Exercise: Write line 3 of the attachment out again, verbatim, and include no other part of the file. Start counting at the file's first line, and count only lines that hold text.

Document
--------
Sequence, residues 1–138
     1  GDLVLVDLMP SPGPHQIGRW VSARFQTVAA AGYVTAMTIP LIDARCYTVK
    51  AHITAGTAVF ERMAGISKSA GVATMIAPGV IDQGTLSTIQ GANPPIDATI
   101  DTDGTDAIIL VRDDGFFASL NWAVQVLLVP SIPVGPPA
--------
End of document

    51  AHITAGTAVF ERMAGISKSA GVATMIAPGV IDQGTLSTIQ GANPPIDATI